I think that picture books can play a great role. But it’s is so important for parents to help kids transition to great reading through various strains of learning.
I think, for boys anyway, that aid is needed again in Middle School. It takes something to be on top of it all.
Pingback: “What Have We Done?” A Review of The Desolation of Smaug (Hobbit Part 2) | A Pilgrim in Narnia
Pingback: 2013: A Year of Reading | A Pilgrim in Narnia
Pingback: 2013 End of Year Book Survey | A Pilgrim in Narnia
Pingback: An Incredible List of Faerie Books (by author J. Aleksandr Wootton) | A Pilgrim in Narnia
Pingback: An Incredible List of Faerie Books (by J. Aleksandr Wootton) | A Pilgrim in Narnia
Pingback: I’m a Blog-hobbit! | A Pilgrim in Narnia
Pingback: Podcast Discussion on the Hobbit Film at All About Jack | A Pilgrim in Narnia
Pingback: Some Great Tolkien Posts for #TolkienReadingDay | A Pilgrim in Narnia
Pingback: The Tolkien Letters that Changed C.S. Lewis’ Life #TolkienReadingDay | A Pilgrim in Narnia
Pingback: From The Hobbit to Harry Potter, From Fairy Tale to Epic | A Pilgrim in Narnia
Pingback: “So Multifarious and So True”: The C.S. Lewis Blurb for the Fellowship of the Ring | A Pilgrim in Narnia
Pingback: A Brace of Tolkien Posts (125th Birthday Week) | A Pilgrim in Narnia
Pingback: A Brace of Tolkien Posts #TolkienReadingDay | A Pilgrim in Narnia
Pingback: A Brace of Tolkien Posts for his 126th Birthday #TolkienBirthdayToast | A Pilgrim in Narnia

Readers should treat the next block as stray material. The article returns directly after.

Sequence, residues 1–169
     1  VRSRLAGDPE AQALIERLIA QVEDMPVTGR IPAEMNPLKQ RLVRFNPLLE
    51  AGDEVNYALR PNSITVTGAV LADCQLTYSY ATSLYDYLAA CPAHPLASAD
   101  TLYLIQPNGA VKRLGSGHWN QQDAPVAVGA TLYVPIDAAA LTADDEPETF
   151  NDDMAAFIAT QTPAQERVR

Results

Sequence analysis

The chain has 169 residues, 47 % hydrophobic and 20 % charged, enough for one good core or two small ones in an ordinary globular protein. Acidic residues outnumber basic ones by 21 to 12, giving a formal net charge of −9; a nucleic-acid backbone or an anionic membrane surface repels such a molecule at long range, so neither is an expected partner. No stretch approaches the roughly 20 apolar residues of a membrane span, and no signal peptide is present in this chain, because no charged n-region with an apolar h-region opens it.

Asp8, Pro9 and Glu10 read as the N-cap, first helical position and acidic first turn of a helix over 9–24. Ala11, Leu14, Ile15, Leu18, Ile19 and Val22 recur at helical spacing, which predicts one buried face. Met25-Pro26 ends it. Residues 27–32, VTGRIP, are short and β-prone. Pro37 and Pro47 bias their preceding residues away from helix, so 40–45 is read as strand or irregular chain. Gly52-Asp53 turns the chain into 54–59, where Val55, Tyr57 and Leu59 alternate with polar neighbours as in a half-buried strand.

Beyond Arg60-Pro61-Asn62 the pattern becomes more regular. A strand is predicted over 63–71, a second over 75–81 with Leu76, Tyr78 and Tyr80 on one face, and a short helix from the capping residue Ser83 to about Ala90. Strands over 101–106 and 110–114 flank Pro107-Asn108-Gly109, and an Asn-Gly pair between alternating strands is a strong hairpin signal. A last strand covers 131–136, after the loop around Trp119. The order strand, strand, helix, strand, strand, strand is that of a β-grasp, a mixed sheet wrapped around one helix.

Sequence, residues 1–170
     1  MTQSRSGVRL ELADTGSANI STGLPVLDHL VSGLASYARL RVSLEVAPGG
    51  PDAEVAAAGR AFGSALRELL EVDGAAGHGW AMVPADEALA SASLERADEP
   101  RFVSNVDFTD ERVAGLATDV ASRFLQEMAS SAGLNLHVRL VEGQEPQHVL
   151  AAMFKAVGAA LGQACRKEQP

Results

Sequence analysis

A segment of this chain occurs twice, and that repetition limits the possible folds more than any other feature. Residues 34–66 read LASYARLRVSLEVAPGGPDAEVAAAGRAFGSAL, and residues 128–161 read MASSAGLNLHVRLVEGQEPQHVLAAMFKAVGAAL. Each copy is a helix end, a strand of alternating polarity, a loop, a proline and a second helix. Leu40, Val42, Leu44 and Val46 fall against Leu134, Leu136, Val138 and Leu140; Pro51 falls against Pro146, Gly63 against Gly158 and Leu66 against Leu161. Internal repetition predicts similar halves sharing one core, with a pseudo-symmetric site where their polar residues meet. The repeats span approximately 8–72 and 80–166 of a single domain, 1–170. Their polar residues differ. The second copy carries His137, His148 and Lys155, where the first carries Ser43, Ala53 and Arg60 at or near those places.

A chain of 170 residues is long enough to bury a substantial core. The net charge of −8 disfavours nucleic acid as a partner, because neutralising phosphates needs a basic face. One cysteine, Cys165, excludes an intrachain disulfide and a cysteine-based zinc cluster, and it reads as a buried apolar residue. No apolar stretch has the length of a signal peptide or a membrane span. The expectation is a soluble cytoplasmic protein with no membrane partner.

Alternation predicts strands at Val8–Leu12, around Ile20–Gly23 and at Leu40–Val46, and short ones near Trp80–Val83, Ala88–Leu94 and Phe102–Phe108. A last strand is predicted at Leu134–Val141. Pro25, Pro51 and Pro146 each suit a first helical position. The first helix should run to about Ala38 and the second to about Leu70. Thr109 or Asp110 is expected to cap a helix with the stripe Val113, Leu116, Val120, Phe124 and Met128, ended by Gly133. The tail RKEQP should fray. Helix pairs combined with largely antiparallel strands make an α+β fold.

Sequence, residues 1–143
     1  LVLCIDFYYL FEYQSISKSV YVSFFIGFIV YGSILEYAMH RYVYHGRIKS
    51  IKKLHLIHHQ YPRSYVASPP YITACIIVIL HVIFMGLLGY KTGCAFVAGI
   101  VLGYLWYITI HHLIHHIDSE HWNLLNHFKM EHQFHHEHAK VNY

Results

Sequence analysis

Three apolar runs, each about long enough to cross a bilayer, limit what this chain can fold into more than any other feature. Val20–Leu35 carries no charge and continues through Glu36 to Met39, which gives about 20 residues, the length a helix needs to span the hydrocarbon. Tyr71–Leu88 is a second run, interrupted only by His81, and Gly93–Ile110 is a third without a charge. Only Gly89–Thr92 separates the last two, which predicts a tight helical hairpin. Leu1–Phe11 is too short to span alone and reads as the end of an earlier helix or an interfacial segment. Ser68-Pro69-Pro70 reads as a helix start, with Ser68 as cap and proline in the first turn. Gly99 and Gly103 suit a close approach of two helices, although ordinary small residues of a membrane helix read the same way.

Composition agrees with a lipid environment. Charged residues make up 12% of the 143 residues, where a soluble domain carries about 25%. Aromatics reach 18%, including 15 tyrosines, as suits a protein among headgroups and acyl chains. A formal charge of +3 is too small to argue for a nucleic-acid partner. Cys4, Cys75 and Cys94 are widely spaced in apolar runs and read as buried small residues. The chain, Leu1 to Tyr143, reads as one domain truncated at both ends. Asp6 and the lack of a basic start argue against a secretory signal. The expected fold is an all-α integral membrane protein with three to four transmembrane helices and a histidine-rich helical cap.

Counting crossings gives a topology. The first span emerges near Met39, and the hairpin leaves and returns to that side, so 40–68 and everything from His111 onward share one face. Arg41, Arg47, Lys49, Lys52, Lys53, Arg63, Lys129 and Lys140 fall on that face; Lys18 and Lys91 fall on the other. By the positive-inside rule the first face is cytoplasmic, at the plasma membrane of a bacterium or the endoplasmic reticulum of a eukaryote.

Pingback: Luke Shelton’s Tolkien Experience Project | A Pilgrim in Narnia
Pingback: Lewis, Tolkien and Different Views of Fan Fiction | A Pilgrim in Narnia
Pingback: The Last Letter of J.R.R. Tolkien, on the 45th Anniversary of His Death | A Pilgrim in Narnia
Pingback: The Tolkien Letters that Changed C.S. Lewis’ Life (On Tolkien’s Birthday) | A Pilgrim in Narnia
Pingback: And The Greatest of These…: A Review of C.S. Lewis’ Four Loves | A Pilgrim in Narnia
Pingback: What does Philip Pullman’s Daemon Voices have to say about the Inklings? Guest Post by Wesley Schantz | A Pilgrim in Narnia
Pingback: A Brace of Tolkien Posts for his 128th Birthday #TolkienBirthdayToast | A Pilgrim in Narnia
Pingback: Christopher Tolkien, Curator of Middle-earth, Has Died, and a Letter from His Father | A Pilgrim in Narnia
Pingback: A Brace of Tolkien Posts for his 129th Birthday #TolkienBirthdayToast | A Pilgrim in Narnia
Pingback: Reading J.R.R. Tolkien by Audiobook and Adaptation: Thoughts on a Portland Discovery (#tolkienreadingday) | A Pilgrim in Narnia
Pingback: The First Animated Hobbit | A Pilgrim in Narnia
Pingback: The 2021 Mythopoeic Awards Winners | A Pilgrim in Narnia
Pingback: A Brace of Tolkien Posts for his 130th Birthday (#TolkienBirthdayToast) | A Pilgrim in Narnia
Pingback: A Brace of Tolkien Posts for his 131st Birthday (#TolkienBirthdayToast) | A Pilgrim in Narnia